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The Man is born fully clothed, with Hammers for hands. He wears boots, a jacket, and in his sleeves he has no wrists. He has no palms, no fingers, nor thumbs, only long steel handles ending with a Hammer. On one side, long forked hooks stretch out like claws. On the other there is a pummel, its steel face flattened and hard.

His father holds him and he is cold. His mother holds him and he is hard. His sister doesn’t dare touch him. His brothers mock him when she does. He keeps his toys in a padlocked room. He swaggers with stiff shoulders through a garden that is full of grey walls.

As a boy, I was born for self-reliance. I valued discipline, resilience and determination. Everyone I met wanted me to become a Self-Made-Man, a saltrock on a sand dune. [So] I learnt to be good with my hands. I used the tools given to me and I put the right shapes in the right holes.

Everything he finds in the garden is a Nail. He strokes it and the sound is of metal against metal. All around him, the other Men make this exact same sound. He listens to the orchestral clang, and he pulls back his hand. He stares at the Nail, studies it, and in one smooth motion, he smacks it on its Head. He does this a hundred times a day.

I remember the first time playing with the local boys, how proud I felt. Like all the boys our age, we made such a racket. And from inside that sound, [it felt like] the whole world was cheering us on. It wasn’t the nicest sound, but I was happy for it. It bonded us in a world where everything was a struggle. You found the sweet spot and rode the wave, or risked catching a serious earful.

After many years, the Man starts to think about Nails. How they are long and shiny and make a sharp noise when he hits them. And he laughs because what a silly thing for something so small to sound so big. To bang so loud and then disappear into a wall or buckle and bend but does a feeling happen? Does the nail feel anything when he makes it disappear? And the Man listens to the smack and thinks of his own Head, which is soft and fuzzy and not at all like a solid Nail.

And the man thinks gosh how lucky not to be a Nail in this world of Hammers. And the thought makes him flinch and the flinch makes him smack and the smack is bigger and louder than before. The noise rings between his ears and so the Man never forgets his own, very vulnerable Head.

I did sometimes wonder about the cost of our friendship. We had a great time, but always at someone’s expense. We seemed to be gambling on the hope of a joke that was also an insult. Together, we toed the line between banter and bullying in a way that was never clear. And this ambiguity meant you couldn’t count on [your friend’s] support if you got hurt. Actually calling someone out would be crossing a line, and if you took things “too seriously,” things could get real serious for you. No one wanted to be a victim. No one wanted to lose friends. So you just played along, and learnt to protect your place by putting people in theirs.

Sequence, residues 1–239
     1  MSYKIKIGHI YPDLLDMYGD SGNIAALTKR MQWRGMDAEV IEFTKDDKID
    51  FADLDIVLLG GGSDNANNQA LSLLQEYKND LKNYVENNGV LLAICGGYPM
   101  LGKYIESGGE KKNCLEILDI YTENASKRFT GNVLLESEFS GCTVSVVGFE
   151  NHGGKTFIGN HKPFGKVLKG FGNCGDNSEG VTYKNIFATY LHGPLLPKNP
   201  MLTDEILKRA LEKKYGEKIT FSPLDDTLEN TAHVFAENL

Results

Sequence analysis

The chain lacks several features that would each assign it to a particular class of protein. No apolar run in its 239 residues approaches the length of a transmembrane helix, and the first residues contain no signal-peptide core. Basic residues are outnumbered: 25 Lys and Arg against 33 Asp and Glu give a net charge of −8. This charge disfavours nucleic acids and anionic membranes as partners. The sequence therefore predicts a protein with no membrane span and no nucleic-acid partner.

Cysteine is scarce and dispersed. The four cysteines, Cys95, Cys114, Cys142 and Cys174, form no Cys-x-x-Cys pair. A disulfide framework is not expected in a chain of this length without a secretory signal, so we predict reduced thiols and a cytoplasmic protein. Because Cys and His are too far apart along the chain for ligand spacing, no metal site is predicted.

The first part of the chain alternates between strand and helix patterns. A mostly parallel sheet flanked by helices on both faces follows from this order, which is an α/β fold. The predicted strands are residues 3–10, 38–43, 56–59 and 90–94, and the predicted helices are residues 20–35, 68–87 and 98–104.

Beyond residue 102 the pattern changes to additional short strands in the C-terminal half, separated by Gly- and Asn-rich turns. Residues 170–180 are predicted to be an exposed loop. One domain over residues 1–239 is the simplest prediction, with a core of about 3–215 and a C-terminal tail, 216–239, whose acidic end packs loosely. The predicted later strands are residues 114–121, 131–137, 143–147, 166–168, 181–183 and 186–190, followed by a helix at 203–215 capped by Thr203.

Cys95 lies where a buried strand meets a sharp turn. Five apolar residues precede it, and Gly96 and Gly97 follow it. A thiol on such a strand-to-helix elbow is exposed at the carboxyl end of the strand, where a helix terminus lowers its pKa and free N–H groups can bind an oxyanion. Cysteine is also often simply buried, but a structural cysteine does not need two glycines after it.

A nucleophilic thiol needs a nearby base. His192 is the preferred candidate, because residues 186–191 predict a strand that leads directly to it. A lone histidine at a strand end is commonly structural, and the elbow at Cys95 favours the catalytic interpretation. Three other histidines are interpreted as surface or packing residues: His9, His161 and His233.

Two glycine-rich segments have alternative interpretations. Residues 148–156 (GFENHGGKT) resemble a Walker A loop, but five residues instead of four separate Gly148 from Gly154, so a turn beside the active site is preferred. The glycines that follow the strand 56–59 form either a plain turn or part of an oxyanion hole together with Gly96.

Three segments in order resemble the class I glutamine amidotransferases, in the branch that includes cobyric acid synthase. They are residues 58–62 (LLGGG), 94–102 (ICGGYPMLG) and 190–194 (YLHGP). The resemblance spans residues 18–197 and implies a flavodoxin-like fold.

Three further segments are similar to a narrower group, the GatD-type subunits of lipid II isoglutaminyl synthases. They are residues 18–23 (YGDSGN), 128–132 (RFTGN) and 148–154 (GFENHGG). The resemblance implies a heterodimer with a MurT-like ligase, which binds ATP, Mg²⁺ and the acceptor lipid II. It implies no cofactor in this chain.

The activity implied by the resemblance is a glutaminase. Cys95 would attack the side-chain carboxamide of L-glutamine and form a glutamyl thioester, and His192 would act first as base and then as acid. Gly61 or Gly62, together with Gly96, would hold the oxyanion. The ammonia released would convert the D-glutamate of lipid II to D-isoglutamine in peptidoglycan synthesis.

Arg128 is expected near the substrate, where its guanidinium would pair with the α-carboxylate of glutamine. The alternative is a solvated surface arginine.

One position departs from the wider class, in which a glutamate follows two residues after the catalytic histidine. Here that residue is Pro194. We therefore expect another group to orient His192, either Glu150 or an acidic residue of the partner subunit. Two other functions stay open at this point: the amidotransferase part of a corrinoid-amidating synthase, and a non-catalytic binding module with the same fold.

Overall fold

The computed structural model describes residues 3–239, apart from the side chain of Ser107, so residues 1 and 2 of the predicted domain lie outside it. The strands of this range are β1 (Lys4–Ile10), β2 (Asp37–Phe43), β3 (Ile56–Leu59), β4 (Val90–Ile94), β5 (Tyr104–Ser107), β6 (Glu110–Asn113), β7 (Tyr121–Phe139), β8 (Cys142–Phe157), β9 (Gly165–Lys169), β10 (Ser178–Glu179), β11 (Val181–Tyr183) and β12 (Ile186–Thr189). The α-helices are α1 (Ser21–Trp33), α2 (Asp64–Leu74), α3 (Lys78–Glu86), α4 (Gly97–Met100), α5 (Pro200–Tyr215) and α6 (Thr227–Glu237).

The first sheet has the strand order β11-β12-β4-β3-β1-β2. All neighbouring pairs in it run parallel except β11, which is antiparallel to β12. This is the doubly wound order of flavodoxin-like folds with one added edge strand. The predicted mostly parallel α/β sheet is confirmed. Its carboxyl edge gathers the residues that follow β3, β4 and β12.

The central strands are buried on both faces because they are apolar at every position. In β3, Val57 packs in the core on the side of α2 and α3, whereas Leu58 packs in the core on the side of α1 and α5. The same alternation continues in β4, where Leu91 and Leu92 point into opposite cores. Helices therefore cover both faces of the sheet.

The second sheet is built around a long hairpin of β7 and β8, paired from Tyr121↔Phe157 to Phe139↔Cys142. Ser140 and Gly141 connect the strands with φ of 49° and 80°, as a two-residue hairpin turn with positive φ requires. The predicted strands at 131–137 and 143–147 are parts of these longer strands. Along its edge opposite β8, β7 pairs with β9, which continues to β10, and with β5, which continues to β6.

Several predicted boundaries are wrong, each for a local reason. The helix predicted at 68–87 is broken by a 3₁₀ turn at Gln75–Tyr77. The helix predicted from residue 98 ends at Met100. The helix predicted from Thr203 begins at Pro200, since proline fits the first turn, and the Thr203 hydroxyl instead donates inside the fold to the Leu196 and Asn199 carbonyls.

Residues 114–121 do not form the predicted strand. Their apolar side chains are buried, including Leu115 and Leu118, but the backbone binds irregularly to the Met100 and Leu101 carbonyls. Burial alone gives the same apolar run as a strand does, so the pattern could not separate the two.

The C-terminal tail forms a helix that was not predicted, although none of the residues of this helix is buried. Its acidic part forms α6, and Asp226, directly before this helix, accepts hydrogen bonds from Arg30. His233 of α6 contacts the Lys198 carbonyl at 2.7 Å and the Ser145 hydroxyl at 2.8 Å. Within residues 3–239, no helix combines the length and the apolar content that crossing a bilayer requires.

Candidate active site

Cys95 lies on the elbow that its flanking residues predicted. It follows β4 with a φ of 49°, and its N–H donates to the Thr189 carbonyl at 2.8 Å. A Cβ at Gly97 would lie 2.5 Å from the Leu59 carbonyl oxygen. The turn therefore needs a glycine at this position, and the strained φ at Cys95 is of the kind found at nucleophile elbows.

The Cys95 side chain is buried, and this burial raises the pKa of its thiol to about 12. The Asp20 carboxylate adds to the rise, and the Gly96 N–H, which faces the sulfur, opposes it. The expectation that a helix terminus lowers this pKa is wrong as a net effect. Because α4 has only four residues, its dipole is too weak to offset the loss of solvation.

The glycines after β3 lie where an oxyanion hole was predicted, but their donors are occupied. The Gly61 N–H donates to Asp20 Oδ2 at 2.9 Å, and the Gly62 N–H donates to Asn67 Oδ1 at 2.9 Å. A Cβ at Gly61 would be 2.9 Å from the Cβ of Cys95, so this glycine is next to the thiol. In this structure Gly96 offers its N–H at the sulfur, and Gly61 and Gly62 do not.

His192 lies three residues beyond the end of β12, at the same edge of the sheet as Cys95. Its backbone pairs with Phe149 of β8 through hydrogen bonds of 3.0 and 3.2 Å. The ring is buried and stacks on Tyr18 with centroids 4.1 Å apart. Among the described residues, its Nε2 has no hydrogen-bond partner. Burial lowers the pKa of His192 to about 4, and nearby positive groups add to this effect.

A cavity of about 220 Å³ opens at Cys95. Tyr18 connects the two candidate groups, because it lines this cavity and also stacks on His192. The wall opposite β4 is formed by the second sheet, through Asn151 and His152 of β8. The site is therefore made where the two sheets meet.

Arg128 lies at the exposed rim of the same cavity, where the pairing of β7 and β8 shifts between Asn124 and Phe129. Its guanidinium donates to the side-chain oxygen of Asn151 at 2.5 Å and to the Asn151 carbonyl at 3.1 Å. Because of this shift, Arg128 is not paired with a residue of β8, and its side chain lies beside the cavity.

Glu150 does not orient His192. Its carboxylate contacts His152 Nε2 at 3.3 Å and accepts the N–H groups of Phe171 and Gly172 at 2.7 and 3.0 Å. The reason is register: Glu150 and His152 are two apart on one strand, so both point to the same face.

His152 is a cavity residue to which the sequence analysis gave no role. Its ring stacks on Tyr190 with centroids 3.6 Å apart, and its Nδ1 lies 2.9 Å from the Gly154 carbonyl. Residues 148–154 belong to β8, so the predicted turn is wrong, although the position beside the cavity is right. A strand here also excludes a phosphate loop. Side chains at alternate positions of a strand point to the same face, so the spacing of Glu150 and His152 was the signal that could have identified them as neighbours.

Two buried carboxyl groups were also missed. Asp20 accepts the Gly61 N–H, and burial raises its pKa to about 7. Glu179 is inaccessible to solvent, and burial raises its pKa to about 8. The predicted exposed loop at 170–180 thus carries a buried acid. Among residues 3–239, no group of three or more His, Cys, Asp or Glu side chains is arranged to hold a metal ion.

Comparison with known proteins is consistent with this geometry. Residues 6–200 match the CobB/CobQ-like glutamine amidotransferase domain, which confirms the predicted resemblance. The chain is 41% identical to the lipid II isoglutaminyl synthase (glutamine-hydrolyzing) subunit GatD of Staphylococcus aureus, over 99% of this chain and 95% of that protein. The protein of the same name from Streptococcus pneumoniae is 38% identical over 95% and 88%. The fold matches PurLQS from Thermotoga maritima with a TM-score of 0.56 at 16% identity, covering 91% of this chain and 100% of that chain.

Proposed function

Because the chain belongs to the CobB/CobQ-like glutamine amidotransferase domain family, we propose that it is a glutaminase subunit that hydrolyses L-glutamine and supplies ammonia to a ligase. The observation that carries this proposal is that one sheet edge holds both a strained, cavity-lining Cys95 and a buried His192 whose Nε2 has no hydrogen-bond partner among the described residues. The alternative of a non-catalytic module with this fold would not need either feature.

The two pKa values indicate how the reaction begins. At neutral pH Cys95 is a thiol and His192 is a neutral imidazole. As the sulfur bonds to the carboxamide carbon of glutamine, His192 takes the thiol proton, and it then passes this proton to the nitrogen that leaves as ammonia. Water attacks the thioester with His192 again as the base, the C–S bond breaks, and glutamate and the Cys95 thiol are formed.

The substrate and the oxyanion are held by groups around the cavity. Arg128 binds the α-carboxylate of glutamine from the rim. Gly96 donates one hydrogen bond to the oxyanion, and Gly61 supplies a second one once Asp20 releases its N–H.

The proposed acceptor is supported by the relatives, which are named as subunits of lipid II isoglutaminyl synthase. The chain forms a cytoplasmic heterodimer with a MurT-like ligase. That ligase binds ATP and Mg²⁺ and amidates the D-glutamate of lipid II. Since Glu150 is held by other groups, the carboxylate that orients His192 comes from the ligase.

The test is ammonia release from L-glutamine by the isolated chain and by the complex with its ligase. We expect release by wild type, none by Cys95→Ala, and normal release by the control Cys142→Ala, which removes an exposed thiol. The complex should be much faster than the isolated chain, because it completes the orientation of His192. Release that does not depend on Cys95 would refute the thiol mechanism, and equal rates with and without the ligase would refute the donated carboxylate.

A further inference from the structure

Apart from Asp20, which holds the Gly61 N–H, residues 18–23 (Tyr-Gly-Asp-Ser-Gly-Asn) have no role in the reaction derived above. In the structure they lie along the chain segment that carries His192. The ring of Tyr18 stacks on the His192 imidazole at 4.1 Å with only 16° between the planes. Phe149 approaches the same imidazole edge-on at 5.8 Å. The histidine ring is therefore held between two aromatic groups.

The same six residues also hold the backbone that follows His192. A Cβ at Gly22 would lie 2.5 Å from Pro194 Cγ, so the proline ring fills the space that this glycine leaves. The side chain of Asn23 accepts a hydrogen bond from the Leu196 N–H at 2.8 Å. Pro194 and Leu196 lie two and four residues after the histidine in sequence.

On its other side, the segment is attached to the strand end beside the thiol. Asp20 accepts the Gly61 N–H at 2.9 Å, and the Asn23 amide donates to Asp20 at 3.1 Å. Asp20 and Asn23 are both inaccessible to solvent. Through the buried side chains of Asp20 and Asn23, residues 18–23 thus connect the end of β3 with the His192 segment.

Sometimes the Man comes across a window or a gate. On the other side is a wall-less garden, whose soft ground is moisturized by rivers; a meadow of grass and rubble with painted nails scattered amongst the blooming fingers. And the Man walks by without stopping, because he sees no Nails.

I knew other ways existed, but never seriously felt they were open to me.

And then the Man meets someone new — a man like himself, but a man like no other. His hands are full of fingers, each one with a neatly cut nail. His palms are soft, for reaching delicately out to the things around him. He is interested in everything he sees. He lingers near windows and gates. He gazes far into the distance as though seeing something that isn’t there.

And the Man is confused by him, because he’s not sure what he recognizes in him. And the Man wants to speak to him, but doesn’t know what to say. They seem distanced, separated by a lifetime of choices. They seem to share something old, and neither of them know what to do with it.

He can’t stop staring at me. It’s like he’s seeing me for the first time since I was him. But I’m not sure I want to be seen by this Man. His gaze makes me feel warm, it gives me hope for my childhood. But I don’t trust what he might do with this hope. Or with me if I name it to him. And right now, it feels like the only real difference between us…

I spend less time with those old boys. Not for spite or safety, we just naturally drifted. I began picking at the ways we kept me in place; kept me in the right kind of clothes, playing the right kind of role. So I’m different now. But different from what? If I’m different from myself, I have to hope it makes me happier. And if I’m different from him, I have to hope I am still safe.

The Man is struck by the beauty of his hands.

I want him to love me as the person I am now.

He notices the strength of his shoulders. The clarity of his skin.

He is moving towards me and I don’t know what to do.

And all around them there is a massive silence. Not a nail is hit for miles around. And in the corner of their eyes, they can see the other Men watching.

This piece has been authored by an Equimundo Writing Fellow, a member of a cohort of forward-thinking individuals with a global perspective on masculinity and male partnership for gender equality. The content of this piece represents the views of the author alone.

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